The Big Apple. The City That Never Sleeps. The Concrete Jungle. Where Harry Met Sally. Whatever title you give it, New York City was recently inundated with a steady stream of sponsors, exhibitors and attendees alike, all looking to merge the almighty Cloud with Big Data at the 3rd annual Cloud Expo conference and exhibition (12th International).
As more and more companies have changed their thinking from ‘what is the cloud?’ to ‘how do I get there?’, conferences like Cloud Expo are becoming more popular as vendors scramble to present a clear Cloud solution that can leave a major impact on the way enterprises carry out their business in the future.
Gartner predicted that the Cloud Computing market would be a $150 billion industry by this year with 60% of server workloads being virtualized by 2014. And while statistics can start to paint a picture, it’s more likely you can look within your own company to see how the Cloud conversation has developed over the years and how decisions are being made around cloud computing all the time. Whether you’re looking to simplify your entire IT process by lightening their load and leaving them to focus on innovation rather than maintenance or if you’re looking for a stronger ROI as a result of reduced cost, the Cloud is making a difference.
That difference was apparent at New York City’s Javits Center on June 10th-13th as the leading Cloud industry influencers and organizations gathered under one roof to discuss Infrastructure as a Service. Several sub-events were also available including a Cloud Computing Bootcamp and sponsored discussions and parties by various vendors.
The Keynotes and Sessions were headlined by hand-picked experts who were able to share their experience and expertise to further attendees Cloud knowledge. Fpweb.net’s CEO Rob LaMear was among them, presenting “CEO Insider: Overcoming Cloud Barriers.” His session explained the conversation between CEOs, CTOs and IT to get to the Cloud and achieve the agility and cost savings that helps them compete in a global landscape. LaMear used audience participation to label the C-levels and IT and demonstrate their battle to overcome three barriers to the Cloud: Security, Reliability and Performance.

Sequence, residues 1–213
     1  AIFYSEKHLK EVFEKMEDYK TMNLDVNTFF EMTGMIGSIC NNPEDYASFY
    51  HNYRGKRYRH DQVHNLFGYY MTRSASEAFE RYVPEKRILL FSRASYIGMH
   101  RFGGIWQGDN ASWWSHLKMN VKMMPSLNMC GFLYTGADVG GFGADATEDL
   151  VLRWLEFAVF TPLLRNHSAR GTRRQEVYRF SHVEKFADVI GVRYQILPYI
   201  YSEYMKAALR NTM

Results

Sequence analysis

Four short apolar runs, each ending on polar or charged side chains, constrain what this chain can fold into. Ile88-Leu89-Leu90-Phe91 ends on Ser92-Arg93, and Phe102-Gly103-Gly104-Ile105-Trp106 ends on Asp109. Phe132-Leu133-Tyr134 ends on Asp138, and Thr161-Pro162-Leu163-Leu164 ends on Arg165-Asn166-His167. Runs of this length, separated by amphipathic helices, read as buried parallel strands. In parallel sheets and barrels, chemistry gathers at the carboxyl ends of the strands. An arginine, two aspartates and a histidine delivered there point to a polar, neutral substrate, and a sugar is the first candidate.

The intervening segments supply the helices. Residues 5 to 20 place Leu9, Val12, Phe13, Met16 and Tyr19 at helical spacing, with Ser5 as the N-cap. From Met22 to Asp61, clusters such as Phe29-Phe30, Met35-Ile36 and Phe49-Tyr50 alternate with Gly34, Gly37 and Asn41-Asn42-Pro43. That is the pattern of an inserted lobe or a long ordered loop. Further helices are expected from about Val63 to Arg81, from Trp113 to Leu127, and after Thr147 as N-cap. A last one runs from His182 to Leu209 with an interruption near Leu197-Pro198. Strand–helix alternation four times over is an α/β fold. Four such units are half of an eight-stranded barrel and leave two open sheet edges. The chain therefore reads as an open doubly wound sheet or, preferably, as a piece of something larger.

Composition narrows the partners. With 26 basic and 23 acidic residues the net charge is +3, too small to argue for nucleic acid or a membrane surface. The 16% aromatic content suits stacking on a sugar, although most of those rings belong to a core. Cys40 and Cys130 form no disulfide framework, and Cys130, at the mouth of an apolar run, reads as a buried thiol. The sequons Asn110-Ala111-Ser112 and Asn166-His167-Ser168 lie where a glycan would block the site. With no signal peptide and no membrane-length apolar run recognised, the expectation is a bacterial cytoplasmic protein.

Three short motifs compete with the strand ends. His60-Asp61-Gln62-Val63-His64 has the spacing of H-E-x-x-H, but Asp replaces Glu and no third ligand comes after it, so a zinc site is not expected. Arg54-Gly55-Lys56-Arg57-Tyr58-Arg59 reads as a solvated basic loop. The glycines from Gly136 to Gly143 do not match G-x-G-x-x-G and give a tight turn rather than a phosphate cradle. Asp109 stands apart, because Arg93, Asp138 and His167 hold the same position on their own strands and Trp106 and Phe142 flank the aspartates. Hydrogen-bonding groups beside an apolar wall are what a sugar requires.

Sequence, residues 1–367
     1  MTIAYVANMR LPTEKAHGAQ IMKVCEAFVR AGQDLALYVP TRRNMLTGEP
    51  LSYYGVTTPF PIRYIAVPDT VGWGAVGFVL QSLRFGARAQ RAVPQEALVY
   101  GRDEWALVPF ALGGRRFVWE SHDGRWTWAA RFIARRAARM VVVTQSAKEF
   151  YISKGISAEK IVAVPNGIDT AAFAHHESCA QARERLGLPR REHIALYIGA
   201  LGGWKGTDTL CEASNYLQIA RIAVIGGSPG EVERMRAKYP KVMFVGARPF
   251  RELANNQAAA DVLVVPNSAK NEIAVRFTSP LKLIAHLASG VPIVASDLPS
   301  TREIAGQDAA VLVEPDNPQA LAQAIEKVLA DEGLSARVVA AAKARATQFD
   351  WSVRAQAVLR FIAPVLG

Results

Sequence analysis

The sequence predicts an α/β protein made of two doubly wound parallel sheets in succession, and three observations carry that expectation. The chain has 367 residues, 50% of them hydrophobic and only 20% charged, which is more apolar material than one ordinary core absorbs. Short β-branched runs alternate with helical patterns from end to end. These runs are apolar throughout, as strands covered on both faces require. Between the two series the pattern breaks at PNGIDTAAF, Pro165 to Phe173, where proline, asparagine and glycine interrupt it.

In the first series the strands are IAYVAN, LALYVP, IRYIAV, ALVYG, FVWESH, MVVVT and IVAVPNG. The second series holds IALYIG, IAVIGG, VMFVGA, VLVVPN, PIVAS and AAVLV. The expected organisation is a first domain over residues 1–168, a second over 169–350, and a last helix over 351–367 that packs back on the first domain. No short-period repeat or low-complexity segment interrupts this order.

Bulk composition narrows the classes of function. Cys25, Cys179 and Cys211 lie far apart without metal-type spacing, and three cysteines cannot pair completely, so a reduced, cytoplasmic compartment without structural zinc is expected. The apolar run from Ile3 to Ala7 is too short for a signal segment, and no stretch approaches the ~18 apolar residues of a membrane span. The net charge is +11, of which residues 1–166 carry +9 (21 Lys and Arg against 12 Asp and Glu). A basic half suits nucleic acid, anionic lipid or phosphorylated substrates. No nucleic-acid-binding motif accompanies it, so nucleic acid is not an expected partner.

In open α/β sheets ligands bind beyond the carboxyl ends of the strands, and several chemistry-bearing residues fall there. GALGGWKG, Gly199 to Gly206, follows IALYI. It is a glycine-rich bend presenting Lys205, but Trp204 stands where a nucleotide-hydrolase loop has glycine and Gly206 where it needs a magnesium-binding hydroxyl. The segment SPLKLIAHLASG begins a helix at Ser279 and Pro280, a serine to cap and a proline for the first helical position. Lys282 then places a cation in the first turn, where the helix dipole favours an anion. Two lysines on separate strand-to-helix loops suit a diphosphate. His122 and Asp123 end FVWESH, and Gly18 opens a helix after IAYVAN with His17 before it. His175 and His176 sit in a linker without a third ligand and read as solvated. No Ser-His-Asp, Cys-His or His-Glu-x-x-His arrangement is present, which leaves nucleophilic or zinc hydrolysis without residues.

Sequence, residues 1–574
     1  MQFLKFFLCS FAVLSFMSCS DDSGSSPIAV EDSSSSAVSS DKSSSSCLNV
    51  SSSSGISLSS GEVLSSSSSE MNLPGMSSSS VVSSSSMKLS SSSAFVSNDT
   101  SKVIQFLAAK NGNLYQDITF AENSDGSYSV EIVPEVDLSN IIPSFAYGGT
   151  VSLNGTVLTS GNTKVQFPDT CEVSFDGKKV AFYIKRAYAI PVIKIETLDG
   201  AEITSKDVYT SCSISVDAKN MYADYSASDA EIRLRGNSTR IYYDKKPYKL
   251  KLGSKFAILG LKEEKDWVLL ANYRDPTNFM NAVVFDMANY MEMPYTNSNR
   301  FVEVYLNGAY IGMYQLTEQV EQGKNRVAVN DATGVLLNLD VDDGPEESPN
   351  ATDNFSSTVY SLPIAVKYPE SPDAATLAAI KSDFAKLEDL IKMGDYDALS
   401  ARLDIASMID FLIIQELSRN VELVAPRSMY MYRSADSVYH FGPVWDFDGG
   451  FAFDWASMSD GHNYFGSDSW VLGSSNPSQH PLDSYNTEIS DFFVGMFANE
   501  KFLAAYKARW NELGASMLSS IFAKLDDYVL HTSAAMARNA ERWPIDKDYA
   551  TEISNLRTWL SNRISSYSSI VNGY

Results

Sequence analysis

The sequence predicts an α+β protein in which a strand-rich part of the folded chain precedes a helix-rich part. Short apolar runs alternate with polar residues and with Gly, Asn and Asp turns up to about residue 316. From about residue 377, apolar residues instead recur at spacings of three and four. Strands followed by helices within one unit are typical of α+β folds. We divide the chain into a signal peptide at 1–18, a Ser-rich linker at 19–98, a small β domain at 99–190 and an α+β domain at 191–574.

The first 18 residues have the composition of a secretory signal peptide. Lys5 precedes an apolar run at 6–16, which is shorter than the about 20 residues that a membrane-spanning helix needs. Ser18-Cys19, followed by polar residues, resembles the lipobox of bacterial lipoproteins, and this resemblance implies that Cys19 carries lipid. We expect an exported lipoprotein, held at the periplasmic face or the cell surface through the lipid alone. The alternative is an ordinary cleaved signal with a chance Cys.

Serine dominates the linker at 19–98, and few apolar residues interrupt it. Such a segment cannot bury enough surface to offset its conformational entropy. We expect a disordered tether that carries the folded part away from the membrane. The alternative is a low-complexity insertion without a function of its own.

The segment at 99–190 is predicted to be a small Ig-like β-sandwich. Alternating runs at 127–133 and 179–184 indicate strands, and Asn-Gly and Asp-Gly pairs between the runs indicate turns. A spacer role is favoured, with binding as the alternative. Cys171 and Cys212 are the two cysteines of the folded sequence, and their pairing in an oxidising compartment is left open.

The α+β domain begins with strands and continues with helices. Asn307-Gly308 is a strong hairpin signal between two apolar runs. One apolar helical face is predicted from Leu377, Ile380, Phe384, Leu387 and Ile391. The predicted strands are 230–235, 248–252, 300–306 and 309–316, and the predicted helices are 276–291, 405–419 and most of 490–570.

For my part, I was posted at Fpweb.net’s booth for the duration of the conference informing attendees about our Private Cloud solution for Hosted SharePoint. This was my first, non-SharePoint related conference so it was interesting to see the different sides and businesses of the Cloud outside of the Microsoft stack.
New York didn’t disappoint in providing an entertaining backdrop for a technology conference and between the Welcome Reception which featured free food and drink and three days of expo hours, we had quite a range of questions at the booth.
Most people were interested in the idea that we specialize in one thing: Microsoft SharePoint. Our business is built around developing experts with the experience to tackle anything a client can throw at us. With Private Cloud solutions, we were able to explain how they never lose any control over their environment and keep full administrative access to their servers. The only difference from an on-premises deployment is that they no longer have to deal with maintenance or support and can focus on business at hand rather than clean up messes caused by inexperience. SharePoint aside, these benefits are what make the Private Cloud so appealing.
The Cloud Expo also offered a vast selection of industries for businesses to network with and develop partnerships. We received many requests to take a closer look at different products that vendors were offering. Not something I’m used to at a conference. I’m used to doing the selling…
I walked around and was interested to find the different networking and work areas available as well as a Cloud Expo Game Zone for loosening up a bit. I was tempted more than once to unleash my foosball skills but managed to hold back. As I passed through the expo hall filled with booths of every shape and size, every vendor I passed carried a smile and a solution. Swag-wise there was some notable merchandise – the best being a Nerf gun (perfect for a tech conference) and a caricature artist (a great way to keep people at your booth for an extended period of time).
The weather wasn’t ideal but once I was able to obtain an umbrella (the prices go up when it’s raining), I joined my team in finding some of the best food NYC had to offer. I did a bit of the tourist thing by visiting Grand Central Station, Times Square and other notable stops. Couldn’t resist visiting Citi Field to see my St. Louis Cardinals take on the New York Mets. Wasn’t pleased with the result but we took the series so I’m over it. Note: Nachos are not as good as Busch Stadium’s.
All in all, it was a great conference filled with great conversations that will hopefully build into great relationships. Thank you to the entire faculty, sponsors, exhibitors and attendees for making the Cloud Expo 2013 New York a success. See you at the next one!
My Cloud Expo 2013 New York Picture Gallery: